GREENSBORO, N.C. (ABP) — In a major upset, outsider Frank Page of South Carolina was elected president of the Southern Baptist Convention over two candidates closely tied to the SBC's conservative power structure.
Page, who described his election as a victory for grassroots Baptists, was elected with 50.48 percent of the vote on a first ballot against Arkansas pastor Ronnie Floyd and Tennessee pastor Jerry Sutton, both high-profile leaders in the conservative-dominated SBC.
Sutton, pastor of Two Rivers Baptist Church in Nashville, Tenn., received 2,168 votes, or 24.08 percent. Floyd, pastor of First Baptist Church of Springdale, Ark., received 2,247 votes, or 24.95 percent. Page, pastor of First Baptist Church in Taylors, S.C., received 4,546 votes — a mere 65 more than necessary for a first-ballot victory.
Page's election signaled a defeat for the SBC's conservative powerbrokers, who have hand-picked all but one president since 1979. Only Orlando pastor Jim Henry, elected in 1994 and 1995, lacked the endorsement of the SBC's conservative leaders.
Floyd lost despite the endorsement of three SBC seminary presidents, including Paige Patterson, the SBC's most powerful leader. Sutton reportedly had the support of Paul Pressler, another SBC conservative architect.
The surprise election also reflected grassroots dissatisfaction with officers who direct the SBC's work but offer little financial support to its central missions budget, the Cooperative Program. Page's church contributes 12.1 percent of its 2005 undesignated receipts to the Cooperative Program. Floyd's church gave 0.27 percent of undesignated receipts to the Cooperative Program in 2005 and an additional 1.6 percent to other SBC causes. Sutton's church gave nothing to the CP in 2005 but sent 2.7 percent to SBC causes.
After his election, Page, 53, said he would seek to create a more open Southern Baptist Convention, but added: “I'm not trying to undo a conservative movement that I have supported all these years.” He said he would continue the trend of appointing leaders who believe in the inerrancy of the Bible but who also have “a sweet spirit.”
“I'm an inerrantist — I believe in the word of God — I'm just not mad about it,” Page said in a post-election news conference.
“I certainly did not expect to be here, so it is sort of a surreal moment for me,” Page, a self-described no-name pastor of a 4,000-member church, told reporters.
He said his election signals a victory for grassroots Baptists who have supported the SBC's conservative movement but not been involved in leadership before. “It means the Southern Baptist Convention belongs to the Lord and his people, … and we can do together a lot more and a lot better than we can do separately,” he said.
A smaller-than-expected crowd of 11,346 messengers were registered at the time of the vote.
But Page's supporters said their candidate benefited from the participation of many messengers previously uninvolved in convention life.
“This election is about the people being heard,” said Wade Burleson, an Oklahoma pastor instrumental in Page's election. “Every Baptist counts.”
Burleson said the election signaled “a turning point” in Southern Baptist life — “not theological by any means,” but a change in methodology, toward more openness and inclusiveness.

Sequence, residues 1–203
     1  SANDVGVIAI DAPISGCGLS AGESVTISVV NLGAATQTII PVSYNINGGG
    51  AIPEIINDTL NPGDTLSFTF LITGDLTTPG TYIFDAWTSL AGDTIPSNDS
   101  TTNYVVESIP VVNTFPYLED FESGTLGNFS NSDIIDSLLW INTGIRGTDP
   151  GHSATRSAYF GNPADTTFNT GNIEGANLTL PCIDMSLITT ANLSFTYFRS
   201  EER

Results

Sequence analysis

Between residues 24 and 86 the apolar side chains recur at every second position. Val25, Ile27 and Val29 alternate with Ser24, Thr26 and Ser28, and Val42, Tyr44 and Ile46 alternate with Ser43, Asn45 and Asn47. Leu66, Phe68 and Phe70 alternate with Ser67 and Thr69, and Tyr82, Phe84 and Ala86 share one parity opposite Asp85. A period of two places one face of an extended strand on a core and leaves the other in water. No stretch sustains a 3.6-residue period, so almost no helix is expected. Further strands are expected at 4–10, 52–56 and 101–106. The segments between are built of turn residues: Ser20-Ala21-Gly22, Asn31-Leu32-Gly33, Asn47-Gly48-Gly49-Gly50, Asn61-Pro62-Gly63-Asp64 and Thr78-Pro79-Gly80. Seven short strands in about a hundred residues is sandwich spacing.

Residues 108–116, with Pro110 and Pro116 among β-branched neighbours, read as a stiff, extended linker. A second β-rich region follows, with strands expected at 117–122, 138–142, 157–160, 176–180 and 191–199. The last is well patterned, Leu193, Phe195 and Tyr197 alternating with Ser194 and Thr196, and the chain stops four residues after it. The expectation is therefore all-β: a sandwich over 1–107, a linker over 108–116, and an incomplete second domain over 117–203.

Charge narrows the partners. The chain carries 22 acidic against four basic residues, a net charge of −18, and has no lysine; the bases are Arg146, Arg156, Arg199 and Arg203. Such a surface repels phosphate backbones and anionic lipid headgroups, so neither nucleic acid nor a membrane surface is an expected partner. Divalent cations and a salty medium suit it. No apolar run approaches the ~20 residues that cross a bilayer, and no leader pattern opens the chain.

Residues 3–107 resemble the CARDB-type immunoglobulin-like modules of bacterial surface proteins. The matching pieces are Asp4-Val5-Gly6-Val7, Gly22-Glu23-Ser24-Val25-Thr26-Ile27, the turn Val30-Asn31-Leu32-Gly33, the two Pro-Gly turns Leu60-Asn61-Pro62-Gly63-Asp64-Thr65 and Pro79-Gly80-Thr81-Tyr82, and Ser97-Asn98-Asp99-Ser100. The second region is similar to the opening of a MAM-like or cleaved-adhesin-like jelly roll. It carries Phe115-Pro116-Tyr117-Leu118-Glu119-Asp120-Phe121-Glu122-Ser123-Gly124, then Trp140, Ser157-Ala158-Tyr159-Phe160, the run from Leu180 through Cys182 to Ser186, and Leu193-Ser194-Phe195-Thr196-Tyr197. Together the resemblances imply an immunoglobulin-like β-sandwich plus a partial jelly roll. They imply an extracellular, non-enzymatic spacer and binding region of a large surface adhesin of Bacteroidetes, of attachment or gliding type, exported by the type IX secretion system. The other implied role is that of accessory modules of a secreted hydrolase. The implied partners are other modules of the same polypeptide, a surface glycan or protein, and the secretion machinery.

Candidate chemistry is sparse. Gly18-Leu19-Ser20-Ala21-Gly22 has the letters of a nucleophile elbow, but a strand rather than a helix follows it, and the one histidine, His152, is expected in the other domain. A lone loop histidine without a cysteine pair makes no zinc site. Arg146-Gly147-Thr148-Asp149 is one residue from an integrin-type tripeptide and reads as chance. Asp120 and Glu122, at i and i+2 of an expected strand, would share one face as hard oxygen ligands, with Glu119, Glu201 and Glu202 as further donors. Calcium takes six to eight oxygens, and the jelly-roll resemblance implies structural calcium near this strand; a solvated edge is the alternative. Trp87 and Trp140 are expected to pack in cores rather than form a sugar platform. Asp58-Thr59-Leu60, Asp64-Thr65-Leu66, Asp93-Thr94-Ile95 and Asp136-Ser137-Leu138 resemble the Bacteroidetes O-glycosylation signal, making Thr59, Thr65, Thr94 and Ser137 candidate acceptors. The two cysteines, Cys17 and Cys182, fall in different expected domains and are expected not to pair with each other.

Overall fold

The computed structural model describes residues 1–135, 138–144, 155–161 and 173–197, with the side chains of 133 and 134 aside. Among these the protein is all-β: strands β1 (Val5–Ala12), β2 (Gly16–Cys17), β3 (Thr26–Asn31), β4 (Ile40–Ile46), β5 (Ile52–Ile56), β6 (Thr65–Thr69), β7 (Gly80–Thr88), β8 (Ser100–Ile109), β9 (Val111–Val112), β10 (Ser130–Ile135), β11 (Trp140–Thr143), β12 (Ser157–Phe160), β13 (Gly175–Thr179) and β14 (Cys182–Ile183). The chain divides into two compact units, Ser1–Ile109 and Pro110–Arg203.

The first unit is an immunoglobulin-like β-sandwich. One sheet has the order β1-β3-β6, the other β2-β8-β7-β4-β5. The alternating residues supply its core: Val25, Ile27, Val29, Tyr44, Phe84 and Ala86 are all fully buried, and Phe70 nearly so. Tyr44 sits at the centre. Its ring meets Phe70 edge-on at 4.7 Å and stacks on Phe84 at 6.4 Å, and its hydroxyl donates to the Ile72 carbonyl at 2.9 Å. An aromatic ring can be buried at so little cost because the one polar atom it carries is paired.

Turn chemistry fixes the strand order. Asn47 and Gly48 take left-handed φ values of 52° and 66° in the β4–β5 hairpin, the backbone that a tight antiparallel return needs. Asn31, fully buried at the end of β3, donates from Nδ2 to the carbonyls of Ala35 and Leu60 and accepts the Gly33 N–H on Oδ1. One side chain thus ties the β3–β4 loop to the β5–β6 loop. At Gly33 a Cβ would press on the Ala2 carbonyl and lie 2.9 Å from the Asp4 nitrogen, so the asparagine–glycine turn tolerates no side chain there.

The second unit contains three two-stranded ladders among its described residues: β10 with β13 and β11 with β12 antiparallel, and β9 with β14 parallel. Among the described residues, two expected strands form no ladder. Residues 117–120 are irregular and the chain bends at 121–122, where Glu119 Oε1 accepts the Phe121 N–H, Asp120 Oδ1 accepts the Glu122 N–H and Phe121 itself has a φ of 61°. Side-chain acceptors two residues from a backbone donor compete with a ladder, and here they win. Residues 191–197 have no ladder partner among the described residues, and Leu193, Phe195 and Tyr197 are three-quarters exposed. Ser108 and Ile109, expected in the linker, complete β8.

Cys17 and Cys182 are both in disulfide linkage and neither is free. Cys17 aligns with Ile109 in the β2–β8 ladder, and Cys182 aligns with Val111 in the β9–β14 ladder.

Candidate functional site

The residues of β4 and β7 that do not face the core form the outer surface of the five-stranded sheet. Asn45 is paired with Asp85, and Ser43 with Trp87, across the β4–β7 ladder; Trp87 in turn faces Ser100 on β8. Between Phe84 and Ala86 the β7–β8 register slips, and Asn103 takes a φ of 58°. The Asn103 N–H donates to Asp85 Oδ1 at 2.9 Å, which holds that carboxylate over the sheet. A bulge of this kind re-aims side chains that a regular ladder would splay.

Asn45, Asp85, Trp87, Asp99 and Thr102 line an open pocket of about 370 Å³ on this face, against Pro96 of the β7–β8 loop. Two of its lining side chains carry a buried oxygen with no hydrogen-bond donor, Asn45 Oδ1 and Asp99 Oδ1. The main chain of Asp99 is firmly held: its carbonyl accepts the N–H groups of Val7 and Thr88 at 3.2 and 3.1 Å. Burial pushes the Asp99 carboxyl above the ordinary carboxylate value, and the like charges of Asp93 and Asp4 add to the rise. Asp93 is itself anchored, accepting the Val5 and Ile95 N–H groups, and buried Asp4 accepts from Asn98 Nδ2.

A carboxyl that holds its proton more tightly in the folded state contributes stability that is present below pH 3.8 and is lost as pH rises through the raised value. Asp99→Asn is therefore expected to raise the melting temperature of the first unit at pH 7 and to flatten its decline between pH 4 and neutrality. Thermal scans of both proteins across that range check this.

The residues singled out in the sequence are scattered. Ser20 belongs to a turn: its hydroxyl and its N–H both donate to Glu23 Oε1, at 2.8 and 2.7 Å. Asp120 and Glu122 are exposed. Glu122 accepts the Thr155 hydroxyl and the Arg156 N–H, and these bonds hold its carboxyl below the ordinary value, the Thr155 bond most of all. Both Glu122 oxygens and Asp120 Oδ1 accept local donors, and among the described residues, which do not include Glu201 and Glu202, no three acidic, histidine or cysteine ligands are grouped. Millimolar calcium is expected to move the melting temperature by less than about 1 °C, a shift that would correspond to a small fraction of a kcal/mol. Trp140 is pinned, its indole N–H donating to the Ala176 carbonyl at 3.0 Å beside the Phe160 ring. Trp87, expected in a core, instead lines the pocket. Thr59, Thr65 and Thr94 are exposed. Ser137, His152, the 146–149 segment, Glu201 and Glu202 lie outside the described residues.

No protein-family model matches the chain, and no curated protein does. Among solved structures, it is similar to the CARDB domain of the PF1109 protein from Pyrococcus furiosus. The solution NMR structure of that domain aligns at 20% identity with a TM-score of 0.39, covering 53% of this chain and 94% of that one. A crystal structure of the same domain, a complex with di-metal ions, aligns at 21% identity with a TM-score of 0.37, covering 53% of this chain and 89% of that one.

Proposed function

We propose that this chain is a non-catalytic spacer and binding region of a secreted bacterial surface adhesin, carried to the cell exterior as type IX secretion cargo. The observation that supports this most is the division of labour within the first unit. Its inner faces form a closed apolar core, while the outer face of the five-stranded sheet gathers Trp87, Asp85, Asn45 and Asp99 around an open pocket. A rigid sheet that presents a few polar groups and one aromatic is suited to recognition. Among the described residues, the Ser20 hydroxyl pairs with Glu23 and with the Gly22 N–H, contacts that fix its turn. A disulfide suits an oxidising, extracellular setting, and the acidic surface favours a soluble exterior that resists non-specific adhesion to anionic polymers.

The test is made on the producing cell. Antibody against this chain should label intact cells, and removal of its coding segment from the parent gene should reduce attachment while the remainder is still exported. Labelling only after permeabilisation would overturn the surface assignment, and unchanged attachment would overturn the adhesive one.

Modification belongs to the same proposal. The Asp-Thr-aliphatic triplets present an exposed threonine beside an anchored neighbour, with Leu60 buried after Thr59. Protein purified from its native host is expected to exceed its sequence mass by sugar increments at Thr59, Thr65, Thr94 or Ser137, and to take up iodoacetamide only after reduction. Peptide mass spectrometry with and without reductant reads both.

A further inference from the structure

“It's no longer kingmakers; it's the people,” said Burleson, pastor of Emmanuel Baptist Church in Enid, Okla.
“I am more excited about the Southern Baptist Convention today than I have ever been in my life,” he said.
Burleson, a trustee of the International Mission Board who has argued against exclusivistic tactics of that agency, was himself considered a possible candidate for president. But his influence, plus that of young Southern Baptist bloggers, was credited with energizing support for Page and for a broadening of SBC leadership.
Page agreed the bloggers, a new phenomenon in SBC politics, made a difference. While the bloggers are few in number, he said, “I think there are a large number of leaders who do read those blogs. I think they played a role beyond their number — perhaps an inordinant amount of influence given their number — but they are a growing phenomenon in Southern Baptist life.”
Page is a graduate of Gardner-Webb University in North Carolina and Southwestern Baptist Theological Seminary, including a Ph.D. He grew up in Greensboro, site of the Southern Baptist Convention, and likely benefited from regional familiarity.
Page was nominated by Forrest Pollock, pastor of Bell Shoals Baptist Church in Brandon, Fla., who said the SBC needs leaders who model support for the Cooperative Program. “You know and I know our Cooperative Program is in trouble. Our convention is in trouble.”
“We've got to work together if we're going to accomplish the Great Commission,” Pollock said. “We need a leader who has the integrity to stand before us and encourage us to give more.”
Floyd was nominated by Johnny Hunt of Woodstock, Ga., who described him as a seasoned and visionary leader who has become personally involved in Baptist missions globally and locally.
Hunt invoked the name of previous SBC President Jerry Vines as supporting Floyd as a candidate of character, integrity and courage whose “commitment to God's Word have never been questioned.” He will “lead us into a renewed commitment to Southern Baptist life,” Hunt said.
Sutton's nominator, Calvin Whitman of Applewood, Colo., said the Nashville pastor is “above the vulgarities of political wranglings” and has the “moral authority” and “strength of conviction” to lead Southern Baptists.